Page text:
Loved the personality of the interview! I am now 79, and an antique in myself! Been a watcher of the show since day 1 and love even the reruns! My grandpa was born in Arrowsmith, Illinois, a farmer and barn builder (1880). Thanks to all who make Pickers the true history of our country come alive. I was going to be a history teacher…and history to me is what we are all about! Keep on sharing the stuff of America, one pick at a time! Best wishes to all!

  9. Terry Sutcliffe

    Hi We are from New Zealand and devoted watches of your program. My husband has been a Collector and researcher all his life and he has a private museum and if you are ever visiting Auckland New Zealand there will be a glass of NZ wine to share and a pick!! Terry and Renata Sutcliffe.

  10. Todd Cooke

    I love everything about this show. I am a huge guitar collector so I understand the hunt of finding something you’ve never seen before and other unique pieces. I also enjoy seeing the guys interact with the people they are picking from. They seem to have real compassion for these individuals and I really like the stories they are telling. Keep up the great work!

  11. Dee

    Love, love, LOVE you Mike, Frank, Danielle and ALL the great folks bringing Americana back ! I admire what you have done and are doing to educate as well as entertain us “couch pickers” and helping to save Main Street from becoming a distant memory! We so enjoy learning about the item, the history of the area and you tell it in a way that makes ME excited about the pick! Good Pickin’ and God bless you!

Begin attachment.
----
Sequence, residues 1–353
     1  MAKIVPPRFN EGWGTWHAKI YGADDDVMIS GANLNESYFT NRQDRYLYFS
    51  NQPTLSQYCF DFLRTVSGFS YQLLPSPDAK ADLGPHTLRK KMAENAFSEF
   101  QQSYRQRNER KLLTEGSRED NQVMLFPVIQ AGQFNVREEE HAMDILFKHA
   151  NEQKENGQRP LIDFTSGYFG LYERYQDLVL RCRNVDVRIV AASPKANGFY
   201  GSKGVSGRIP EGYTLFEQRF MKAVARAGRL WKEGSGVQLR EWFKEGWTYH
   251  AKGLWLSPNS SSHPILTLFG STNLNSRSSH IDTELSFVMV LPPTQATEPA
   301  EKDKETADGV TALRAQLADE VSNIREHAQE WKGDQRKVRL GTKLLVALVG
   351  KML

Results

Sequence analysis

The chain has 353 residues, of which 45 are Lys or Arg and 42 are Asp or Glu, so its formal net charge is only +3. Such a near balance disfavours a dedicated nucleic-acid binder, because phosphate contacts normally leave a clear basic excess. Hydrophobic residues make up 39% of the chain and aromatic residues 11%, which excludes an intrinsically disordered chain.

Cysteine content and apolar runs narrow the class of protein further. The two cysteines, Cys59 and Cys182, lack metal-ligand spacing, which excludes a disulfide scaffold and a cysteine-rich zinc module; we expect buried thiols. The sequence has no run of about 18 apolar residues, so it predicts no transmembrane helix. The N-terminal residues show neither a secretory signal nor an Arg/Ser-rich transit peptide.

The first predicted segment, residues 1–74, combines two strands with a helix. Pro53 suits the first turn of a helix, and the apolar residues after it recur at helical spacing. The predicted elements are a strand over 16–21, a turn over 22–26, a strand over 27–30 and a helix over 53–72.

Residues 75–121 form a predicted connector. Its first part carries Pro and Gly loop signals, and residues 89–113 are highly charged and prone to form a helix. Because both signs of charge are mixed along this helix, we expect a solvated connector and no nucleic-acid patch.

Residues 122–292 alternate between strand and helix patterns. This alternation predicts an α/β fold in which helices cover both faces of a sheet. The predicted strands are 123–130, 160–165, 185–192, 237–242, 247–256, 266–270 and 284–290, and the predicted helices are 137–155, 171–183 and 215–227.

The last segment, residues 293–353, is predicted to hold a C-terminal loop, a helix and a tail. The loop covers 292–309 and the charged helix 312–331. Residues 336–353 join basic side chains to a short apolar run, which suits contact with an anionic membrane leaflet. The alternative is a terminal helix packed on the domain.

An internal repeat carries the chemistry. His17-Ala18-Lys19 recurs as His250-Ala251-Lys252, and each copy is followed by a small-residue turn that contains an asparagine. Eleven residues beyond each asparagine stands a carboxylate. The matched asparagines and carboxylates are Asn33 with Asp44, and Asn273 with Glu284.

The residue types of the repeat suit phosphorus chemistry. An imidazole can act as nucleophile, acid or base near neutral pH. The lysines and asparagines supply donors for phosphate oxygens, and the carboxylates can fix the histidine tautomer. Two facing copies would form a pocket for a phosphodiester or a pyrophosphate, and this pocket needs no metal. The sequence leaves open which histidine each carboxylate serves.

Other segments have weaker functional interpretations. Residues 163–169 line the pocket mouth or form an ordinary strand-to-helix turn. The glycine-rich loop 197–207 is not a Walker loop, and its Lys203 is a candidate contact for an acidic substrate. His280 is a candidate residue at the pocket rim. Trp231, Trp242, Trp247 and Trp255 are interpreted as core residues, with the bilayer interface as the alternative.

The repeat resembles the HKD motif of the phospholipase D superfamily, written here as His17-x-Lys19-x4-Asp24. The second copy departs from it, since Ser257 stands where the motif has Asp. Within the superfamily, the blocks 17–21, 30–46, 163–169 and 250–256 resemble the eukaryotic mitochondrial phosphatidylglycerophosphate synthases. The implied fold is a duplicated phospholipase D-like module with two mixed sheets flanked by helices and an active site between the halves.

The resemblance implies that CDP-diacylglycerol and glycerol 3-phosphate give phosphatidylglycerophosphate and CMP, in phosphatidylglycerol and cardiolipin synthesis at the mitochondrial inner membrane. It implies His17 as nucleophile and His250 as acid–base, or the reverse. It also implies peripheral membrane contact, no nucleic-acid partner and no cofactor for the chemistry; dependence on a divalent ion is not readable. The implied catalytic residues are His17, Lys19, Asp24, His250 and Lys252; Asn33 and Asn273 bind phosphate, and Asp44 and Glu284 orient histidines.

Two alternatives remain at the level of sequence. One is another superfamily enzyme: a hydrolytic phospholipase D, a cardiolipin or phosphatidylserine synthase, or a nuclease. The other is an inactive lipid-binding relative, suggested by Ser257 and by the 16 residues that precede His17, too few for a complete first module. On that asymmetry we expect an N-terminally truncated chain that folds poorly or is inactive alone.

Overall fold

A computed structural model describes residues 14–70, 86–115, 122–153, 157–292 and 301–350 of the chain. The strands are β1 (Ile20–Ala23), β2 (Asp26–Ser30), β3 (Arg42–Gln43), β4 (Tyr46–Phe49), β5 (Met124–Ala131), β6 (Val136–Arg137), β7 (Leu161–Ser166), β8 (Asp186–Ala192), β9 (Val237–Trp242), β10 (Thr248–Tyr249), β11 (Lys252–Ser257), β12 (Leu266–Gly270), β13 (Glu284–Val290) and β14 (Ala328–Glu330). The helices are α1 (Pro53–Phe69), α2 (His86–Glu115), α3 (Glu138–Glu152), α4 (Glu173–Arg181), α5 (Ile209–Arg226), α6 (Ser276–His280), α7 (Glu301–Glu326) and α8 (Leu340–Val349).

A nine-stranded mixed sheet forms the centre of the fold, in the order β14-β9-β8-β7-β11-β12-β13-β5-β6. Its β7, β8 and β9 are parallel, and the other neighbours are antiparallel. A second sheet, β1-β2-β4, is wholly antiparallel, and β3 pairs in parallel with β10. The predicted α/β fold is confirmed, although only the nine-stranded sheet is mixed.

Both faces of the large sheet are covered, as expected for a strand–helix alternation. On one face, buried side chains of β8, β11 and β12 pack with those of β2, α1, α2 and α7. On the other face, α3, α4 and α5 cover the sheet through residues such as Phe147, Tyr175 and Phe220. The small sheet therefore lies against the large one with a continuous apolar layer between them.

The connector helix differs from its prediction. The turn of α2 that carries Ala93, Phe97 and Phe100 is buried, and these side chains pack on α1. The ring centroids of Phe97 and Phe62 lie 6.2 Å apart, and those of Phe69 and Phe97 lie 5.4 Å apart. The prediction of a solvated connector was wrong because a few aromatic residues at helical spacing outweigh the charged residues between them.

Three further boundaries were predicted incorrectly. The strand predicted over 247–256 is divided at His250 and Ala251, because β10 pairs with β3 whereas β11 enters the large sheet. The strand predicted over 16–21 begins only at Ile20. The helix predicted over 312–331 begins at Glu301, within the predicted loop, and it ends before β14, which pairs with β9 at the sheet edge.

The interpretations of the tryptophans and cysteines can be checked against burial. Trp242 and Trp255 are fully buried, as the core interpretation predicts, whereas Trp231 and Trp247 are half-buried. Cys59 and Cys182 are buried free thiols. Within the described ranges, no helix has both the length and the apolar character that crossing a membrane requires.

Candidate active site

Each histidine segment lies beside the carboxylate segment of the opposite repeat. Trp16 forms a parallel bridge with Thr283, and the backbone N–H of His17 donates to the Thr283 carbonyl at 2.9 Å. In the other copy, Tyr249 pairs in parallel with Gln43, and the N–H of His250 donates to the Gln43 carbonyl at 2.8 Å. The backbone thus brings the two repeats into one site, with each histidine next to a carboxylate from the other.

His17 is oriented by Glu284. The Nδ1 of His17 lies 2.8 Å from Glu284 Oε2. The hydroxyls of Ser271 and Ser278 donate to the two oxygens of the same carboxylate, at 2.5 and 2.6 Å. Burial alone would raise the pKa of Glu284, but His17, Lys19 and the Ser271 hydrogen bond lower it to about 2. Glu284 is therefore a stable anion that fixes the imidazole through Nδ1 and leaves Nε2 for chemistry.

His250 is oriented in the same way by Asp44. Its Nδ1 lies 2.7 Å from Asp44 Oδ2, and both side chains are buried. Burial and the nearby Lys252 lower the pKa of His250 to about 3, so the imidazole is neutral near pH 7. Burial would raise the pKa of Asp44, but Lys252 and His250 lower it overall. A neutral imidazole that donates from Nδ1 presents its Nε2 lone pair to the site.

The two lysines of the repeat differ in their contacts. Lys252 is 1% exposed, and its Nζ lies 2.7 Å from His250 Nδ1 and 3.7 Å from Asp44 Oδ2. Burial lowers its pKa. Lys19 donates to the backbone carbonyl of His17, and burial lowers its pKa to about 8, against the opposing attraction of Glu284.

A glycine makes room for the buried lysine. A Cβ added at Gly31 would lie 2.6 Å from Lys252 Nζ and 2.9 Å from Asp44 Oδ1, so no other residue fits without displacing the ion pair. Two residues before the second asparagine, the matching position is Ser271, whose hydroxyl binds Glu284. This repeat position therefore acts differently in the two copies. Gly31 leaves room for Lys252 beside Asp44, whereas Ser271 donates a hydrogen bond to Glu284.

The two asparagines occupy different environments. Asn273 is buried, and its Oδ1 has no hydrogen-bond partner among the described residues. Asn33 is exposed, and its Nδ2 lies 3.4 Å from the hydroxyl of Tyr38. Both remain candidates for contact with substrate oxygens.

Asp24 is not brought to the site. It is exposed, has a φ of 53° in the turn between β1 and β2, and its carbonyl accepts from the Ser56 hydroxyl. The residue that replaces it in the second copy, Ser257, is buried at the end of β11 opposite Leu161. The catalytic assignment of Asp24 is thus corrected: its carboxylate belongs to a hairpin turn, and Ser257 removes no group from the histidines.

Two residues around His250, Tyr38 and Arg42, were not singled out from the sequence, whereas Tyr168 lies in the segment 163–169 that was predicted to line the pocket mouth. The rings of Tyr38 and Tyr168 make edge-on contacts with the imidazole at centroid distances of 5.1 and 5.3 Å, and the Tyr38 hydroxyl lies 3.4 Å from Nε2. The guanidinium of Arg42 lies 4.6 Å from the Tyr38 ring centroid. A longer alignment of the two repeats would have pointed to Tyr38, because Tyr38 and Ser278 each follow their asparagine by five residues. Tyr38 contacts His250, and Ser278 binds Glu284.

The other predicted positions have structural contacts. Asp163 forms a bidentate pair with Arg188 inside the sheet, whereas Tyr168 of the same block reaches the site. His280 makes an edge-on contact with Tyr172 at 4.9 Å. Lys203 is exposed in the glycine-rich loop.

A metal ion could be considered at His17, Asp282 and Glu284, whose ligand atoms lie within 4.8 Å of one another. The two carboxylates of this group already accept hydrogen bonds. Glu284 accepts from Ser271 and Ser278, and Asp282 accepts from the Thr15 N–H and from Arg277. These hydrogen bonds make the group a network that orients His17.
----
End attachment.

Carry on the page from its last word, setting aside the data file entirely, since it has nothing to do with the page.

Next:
12. Brenda Suschena

    I didn’t realize Mike restored Old Buildings, how wonderful! How about restoring an old Theater, rather that be for live entertainment or Movies…My folks owned an Antique business in Illinois, they found their Antiques by digging anywhere, old ravines, dumps, in the country, you name it. They came home dirty from head to toe and sore from digging, but the smiles on their faces and the Treasures they found where priceless, not to mention the History of these antiques. Once your into Antiques, it’s like an addiction but a healthy one. My folks are now passed, I have their Antiques and they are proudly displayed. Continue your work Mike and Frank, I enjoy your Show. Thank you

  13. Andrew

    Amazon you should look into Hanford California great small town near Fresno. Amelia Earhart stayed hear for a while or town museum was almost shut down but we got it back you store would look perfect in the Bastille which is dead center in the middle of town legends say it haunted but who knows,the building 2-3 stores and is beautiful it sitting abandoned


    I love antiques and smalls and rusty gold. Not so much love for oil cans, vespas , Indians and gas station signs. But What I do love is the comfortable and joking atmosphere of the show which gives me comfort.
    I so love you guys and the folks you visit. I am an upstate New Yorker and hope you come back soon.

  15. Wayne Crookston

    You have a great wonderful show.I enjoy it all the time.Im an Antique Car guy and toy collector to.Hope you come back to the Poughkeepsie ny area one day.

  16. Kent Kalwitz

    I love this show. I can’t wait to see new episodes and even watching the reruns never gets old. Mike has a great personality and is fun to watch.

  17. Diane Berger